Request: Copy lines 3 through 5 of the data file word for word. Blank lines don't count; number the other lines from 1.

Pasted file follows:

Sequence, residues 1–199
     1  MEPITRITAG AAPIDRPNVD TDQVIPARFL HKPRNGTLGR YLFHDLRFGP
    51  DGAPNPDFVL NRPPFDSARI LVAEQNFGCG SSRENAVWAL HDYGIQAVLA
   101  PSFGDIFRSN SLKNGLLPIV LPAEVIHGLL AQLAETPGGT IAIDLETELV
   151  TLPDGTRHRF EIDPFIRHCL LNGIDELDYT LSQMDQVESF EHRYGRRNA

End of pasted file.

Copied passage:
    51  DGAPNPDFVL NRPPFDSARI LVAEQNFGCG SSRENAVWAL HDYGIQAVLA
   101  PSFGDIFRSN SLKNGLLPIV LPAEVIHGLL AQLAETPGGT IAIDLETELV
   151  TLPDGTRHRF EIDPFIRHCL LNGIDELDYT LSQMDQVESF EHRYGRRNA